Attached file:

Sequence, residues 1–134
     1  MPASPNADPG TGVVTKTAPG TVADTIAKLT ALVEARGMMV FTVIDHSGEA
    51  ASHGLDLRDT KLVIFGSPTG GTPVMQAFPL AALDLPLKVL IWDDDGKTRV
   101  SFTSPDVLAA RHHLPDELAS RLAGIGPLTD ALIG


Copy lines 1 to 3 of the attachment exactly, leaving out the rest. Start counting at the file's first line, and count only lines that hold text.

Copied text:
Sequence, residues 1–134
     1  MPASPNADPG TGVVTKTAPG TVADTIAKLT ALVEARGMMV FTVIDHSGEA
    51  ASHGLDLRDT KLVIFGSPTG GTPVMQAFPL AALDLPLKVL IWDDDGKTRV